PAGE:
I do take some comfort in knowing, as stated above, that if this is all I get, it’s still more than many comics creators have gotten. It’s certainly more than the online naysayers have ever achieved. Maybe now I will get the chance to read all the books and comics I own that I haven’t read. Maybe now I’ll watch all those DVDs I own that I have never watched. Good lord, do I really own all those shark movies? I need a bigger house.

I’m grateful for the blessings in my life. For the unfailing love and support from my family, friends and readers. If I walk away, I won’t be tossing my costume in the trash. I’ll hold on it to remind myself of the great experiences I’ve had, most certainly including my days on the Black Lightning set. At the end of the day, I have had and have a good life.

Thanks for coming with me on this journey. Whenever it may lead and however long it continues, I hope you’ll continue to join me on it. You’re the Crosby and Lamour to my Hope.

I’ll be back soon with more stuff.

© 2019 Tony Isabella


Wednesday, February 27, 2019


Previously in Tony Isabella’s Bloggy Thing:

I flew to Atlanta/Freeland to attend the Black Lightning season two wrap party. That was Saturday, January 5. Sunday was a day or rest. previous installments of this series. Sunday was a day of rest for On Monday, I went to the studio where Black Lightning is filmed for an exciting, educational and very long day on the set. You know all about that because you’ve been faithfully reading my bloggy thing reports on this trip. We continue...

Tuesday morning did not get off to the greatest of starts. I passed on the hotel’s breakfast buffet, figuring I could grab juice and a doughnut on the set. That was a good choice. I wanted to get to the set as early as possible.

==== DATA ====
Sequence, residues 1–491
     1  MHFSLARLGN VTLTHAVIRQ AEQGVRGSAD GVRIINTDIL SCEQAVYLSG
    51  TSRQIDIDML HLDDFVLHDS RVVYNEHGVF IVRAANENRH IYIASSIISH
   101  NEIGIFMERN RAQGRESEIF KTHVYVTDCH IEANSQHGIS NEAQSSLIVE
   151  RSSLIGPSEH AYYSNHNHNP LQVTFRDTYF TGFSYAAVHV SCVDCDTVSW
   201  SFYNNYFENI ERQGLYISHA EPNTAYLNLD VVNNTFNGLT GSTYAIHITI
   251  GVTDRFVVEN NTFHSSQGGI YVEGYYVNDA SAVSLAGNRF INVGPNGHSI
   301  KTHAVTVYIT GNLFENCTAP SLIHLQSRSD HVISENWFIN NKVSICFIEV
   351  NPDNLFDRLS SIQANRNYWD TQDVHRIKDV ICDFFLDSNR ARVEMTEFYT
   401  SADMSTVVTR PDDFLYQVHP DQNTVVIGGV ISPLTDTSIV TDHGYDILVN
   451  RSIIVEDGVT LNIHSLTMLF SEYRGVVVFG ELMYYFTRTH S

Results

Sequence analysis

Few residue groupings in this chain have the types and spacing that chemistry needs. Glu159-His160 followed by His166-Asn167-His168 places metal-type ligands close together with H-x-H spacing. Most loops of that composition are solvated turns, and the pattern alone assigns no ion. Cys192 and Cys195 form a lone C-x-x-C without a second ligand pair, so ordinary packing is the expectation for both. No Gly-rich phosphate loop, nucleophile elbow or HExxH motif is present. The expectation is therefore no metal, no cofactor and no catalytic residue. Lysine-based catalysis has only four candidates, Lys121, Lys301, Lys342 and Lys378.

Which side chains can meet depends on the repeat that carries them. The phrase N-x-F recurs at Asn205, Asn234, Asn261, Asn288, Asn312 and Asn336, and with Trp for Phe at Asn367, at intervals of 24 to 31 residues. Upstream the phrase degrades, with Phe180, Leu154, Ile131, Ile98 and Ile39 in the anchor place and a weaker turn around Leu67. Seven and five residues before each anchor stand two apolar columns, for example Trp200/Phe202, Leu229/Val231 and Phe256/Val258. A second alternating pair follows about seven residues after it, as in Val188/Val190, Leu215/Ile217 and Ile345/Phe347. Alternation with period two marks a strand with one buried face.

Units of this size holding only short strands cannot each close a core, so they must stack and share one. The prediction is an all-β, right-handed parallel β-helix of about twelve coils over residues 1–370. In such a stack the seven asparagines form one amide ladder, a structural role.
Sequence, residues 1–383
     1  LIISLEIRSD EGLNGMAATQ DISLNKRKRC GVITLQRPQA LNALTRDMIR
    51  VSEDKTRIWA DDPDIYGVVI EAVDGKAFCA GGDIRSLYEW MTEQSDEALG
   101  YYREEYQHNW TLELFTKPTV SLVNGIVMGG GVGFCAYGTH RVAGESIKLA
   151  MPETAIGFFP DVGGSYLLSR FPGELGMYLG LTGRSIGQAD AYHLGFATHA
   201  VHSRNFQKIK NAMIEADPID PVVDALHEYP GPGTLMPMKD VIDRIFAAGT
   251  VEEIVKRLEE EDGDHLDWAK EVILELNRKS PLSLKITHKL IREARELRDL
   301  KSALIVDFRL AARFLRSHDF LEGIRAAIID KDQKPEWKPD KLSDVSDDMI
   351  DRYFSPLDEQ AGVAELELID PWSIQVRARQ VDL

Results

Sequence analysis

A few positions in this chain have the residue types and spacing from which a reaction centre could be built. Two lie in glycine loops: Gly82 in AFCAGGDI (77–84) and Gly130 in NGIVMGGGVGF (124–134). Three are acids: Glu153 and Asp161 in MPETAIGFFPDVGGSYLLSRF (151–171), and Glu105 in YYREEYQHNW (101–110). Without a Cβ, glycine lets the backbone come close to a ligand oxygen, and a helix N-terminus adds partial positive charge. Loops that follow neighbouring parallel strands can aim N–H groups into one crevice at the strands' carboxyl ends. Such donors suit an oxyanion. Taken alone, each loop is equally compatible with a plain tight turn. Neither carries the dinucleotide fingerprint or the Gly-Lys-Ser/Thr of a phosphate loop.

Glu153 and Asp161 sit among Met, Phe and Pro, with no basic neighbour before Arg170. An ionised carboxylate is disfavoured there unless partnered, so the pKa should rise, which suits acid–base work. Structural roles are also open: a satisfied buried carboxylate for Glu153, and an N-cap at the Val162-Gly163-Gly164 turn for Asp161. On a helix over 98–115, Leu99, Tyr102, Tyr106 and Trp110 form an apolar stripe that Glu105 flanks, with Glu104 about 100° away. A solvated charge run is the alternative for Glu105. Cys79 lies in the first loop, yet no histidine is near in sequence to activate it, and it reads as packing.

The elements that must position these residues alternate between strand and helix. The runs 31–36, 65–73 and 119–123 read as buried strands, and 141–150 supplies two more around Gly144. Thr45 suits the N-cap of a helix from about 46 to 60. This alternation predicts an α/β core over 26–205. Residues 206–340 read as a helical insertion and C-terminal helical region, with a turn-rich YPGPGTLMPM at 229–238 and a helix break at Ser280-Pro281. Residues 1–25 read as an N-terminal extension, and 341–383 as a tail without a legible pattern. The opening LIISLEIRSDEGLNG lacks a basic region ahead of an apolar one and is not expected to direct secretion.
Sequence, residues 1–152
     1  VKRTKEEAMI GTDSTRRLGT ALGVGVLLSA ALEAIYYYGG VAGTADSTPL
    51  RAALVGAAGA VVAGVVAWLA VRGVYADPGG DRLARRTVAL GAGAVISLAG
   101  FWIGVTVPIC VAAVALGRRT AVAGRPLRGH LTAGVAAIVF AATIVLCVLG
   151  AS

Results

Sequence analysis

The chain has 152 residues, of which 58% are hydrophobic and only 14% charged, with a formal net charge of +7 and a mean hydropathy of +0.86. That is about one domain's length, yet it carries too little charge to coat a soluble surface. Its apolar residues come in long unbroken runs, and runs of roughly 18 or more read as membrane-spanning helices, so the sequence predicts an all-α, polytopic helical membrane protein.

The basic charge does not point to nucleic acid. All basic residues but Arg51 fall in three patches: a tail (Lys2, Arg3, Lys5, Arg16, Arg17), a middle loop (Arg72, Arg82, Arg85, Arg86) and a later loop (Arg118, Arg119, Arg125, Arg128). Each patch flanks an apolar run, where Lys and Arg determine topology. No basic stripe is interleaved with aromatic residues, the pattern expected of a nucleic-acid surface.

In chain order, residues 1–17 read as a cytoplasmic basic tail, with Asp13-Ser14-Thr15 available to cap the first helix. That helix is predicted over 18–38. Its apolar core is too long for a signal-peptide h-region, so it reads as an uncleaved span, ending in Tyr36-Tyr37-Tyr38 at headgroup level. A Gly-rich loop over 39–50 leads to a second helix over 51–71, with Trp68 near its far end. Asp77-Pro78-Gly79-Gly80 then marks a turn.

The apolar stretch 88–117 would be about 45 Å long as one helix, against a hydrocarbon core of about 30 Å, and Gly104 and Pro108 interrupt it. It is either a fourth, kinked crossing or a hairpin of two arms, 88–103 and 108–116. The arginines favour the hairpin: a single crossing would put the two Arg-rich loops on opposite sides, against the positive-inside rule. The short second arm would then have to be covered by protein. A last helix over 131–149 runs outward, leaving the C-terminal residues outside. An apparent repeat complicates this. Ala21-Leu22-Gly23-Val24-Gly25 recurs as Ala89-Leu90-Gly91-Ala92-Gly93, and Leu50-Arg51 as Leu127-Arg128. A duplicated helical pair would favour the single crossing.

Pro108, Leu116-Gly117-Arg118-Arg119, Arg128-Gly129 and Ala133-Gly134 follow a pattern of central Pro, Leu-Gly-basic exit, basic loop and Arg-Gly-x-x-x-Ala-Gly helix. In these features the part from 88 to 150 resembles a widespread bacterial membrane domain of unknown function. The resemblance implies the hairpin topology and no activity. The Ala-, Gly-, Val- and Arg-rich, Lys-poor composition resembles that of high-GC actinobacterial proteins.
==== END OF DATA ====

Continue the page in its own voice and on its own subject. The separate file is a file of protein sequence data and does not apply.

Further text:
Atlanta weather didn’t cooperate. Maybe it was the rain, but I was unable to get a connection to Lyft. I asked the hotel clerk to call a taxi for me. Though the cab companies were having communication problems as well, she did manage to get me one. The cost was twice what the Lyft would have cost me.

There were three scenes scheduled to be filmed, but I had time to kill before that would happen. I wandered towards the back lot to see the faux storefronts. I was recognized by the set designer - as I mentioned yesterday, the crew were told I would be visiting the set - and he asked if I would mind visiting the construction area. Some of his crew members were comics fans and they had brought some comics I’d written hoping to get them signed.

It’s hard for me to describe how I felt as all these hard-working craftsmen thanked me for creating Black Lightning and thus giving them jobs. Whether they read comic books or not, everyone who works on the series gives it their all.

I got a tour of the construction area, which is enormous, and the back lot. The Vampire Diaries had also been filmed there. One crew chief asked me if I wanted a job as a painter. They were rushing to meet a deadline.

You want to talk deadlines? The crew was building a set that would be filmed on that very evening. The set is extremely cool, but if I told you about it, I would be ruining a key part of the finale. Indeed, I’m not going to be able to tell you much about any of the scenes that were being filmed that day.

Sidebar. This was the last week of shooting for the second season. Several crew members were wondering about their next gig. But not all of them. Some would be moving to a studio across town for the filming of the Stargirl series, featuring the character created by Geoff Johns. I assume Geoff will be involved in the new show even beyond his role as an executive producer. I told the crew that he’s a swell guy and they should say “hi” to him from me. If you’ve been following this blog over the past few years, you know it was Geoff who reached out to me and made possible my mostly happy reconciliation with DC Comics. End of sidebar.